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Steel cases also usually have either a poly or lacquer coating to prevent corrosion and add a little lubricity to the cases. Sometimes this can build up in the chamber and cause for sticky feeding and extraction. Steel doesn't have the ductility to be reformed/resized through repeated loadings like brass and its often berdan primed, though I have read about a few people actually reloading steel cases...not something I would try.
I tried steel cased ammo in my AR before and just didn't like the feel of it when chambering a round. My old DPMS would not even want to chamber the first round without using the forward assist most times, I didn't like the idea of steel on steel. YMMV
My AK on the other hand never got fed anything but steel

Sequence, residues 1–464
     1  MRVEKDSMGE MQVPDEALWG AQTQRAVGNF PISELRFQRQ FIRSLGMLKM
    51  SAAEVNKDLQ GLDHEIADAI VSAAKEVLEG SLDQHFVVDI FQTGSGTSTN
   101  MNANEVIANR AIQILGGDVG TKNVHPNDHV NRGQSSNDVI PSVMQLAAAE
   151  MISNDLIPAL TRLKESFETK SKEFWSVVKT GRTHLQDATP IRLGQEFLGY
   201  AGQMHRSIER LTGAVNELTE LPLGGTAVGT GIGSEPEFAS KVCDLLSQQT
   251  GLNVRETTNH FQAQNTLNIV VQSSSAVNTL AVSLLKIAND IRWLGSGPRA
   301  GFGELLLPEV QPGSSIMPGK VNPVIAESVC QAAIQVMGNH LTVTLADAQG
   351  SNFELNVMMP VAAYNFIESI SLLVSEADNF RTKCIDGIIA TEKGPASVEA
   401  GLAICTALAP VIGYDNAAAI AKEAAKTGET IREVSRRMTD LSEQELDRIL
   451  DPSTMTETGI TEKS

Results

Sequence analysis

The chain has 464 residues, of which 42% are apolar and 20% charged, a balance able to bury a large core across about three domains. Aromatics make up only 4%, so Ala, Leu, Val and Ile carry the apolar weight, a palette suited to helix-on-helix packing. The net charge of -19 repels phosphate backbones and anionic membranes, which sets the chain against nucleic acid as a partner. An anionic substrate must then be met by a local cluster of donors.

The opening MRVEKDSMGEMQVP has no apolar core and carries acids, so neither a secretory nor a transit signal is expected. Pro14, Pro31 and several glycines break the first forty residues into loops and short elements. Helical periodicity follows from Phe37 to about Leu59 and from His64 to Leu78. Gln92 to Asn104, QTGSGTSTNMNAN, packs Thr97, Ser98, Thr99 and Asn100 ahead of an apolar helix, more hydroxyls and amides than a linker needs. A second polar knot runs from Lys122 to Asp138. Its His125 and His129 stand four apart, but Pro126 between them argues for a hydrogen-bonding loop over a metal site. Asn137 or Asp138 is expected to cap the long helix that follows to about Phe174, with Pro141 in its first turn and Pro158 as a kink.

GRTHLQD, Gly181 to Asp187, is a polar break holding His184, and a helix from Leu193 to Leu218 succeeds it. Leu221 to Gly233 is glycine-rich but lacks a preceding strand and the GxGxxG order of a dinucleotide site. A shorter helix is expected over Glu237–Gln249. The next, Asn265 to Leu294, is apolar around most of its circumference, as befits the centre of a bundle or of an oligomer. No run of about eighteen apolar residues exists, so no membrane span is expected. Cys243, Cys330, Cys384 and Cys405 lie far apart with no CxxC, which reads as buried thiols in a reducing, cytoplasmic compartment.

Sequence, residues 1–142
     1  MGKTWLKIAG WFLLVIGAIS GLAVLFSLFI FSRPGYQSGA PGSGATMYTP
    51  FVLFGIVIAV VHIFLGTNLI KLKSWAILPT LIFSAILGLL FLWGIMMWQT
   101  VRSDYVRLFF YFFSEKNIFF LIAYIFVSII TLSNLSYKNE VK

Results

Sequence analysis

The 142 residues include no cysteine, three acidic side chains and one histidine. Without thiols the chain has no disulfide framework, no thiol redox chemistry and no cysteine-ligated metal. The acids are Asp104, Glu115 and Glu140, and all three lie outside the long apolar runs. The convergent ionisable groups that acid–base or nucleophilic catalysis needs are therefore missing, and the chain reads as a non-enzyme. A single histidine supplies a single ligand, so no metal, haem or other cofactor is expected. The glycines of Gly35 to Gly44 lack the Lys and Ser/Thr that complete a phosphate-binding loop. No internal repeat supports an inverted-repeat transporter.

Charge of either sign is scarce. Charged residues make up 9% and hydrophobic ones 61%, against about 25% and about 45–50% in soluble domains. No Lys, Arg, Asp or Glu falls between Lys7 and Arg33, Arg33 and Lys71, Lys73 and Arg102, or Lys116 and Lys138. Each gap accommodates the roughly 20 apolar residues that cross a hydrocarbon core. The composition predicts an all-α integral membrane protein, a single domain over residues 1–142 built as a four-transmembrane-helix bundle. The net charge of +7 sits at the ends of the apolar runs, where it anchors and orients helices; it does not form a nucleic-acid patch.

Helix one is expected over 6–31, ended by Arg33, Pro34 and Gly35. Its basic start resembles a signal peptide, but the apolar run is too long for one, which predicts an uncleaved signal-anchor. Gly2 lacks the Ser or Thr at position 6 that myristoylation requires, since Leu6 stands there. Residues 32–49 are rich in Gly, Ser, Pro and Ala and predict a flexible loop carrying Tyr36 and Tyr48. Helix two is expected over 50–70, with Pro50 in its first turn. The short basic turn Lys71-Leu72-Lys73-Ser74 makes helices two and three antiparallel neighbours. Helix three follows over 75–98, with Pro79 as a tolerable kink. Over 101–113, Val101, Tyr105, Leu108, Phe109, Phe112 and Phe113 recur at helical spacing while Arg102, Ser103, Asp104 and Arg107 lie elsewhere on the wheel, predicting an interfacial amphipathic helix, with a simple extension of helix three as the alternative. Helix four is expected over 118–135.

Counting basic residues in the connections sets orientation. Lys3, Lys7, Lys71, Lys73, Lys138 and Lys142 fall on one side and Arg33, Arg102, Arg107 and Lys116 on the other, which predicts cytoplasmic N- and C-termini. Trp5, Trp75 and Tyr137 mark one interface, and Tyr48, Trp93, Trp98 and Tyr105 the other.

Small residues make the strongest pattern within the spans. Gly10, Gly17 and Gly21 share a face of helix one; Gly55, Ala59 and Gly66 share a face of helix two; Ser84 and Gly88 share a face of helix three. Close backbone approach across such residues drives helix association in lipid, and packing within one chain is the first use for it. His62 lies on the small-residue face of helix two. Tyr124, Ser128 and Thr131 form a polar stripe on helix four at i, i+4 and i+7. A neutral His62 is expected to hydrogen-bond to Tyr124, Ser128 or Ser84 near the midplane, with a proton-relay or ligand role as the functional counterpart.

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Old 02-25-2011, 08:35 PM   #10
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The real question though is "If you reload, why would you WANT to shoot steel cased ammo?"
I don't reload, just wondering why it is that only brass should be reloaded and not steel.

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Your first question....no, steel should not be shot in ANYTHING, IMO.
I've never bought any steel ammo (that I'm aware of anyway), although I have used brass reloads in my gun, thereby voiding the warranty I suppose. I guess this explains why at gun shows the steel stuff seems to be a few bucks cheaper than brass?

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Your second question.....glocks have the ghey. BAD!
Yea, yea.....I had the money, and I wanted a gun Now I don't have the money, and I still want a real gun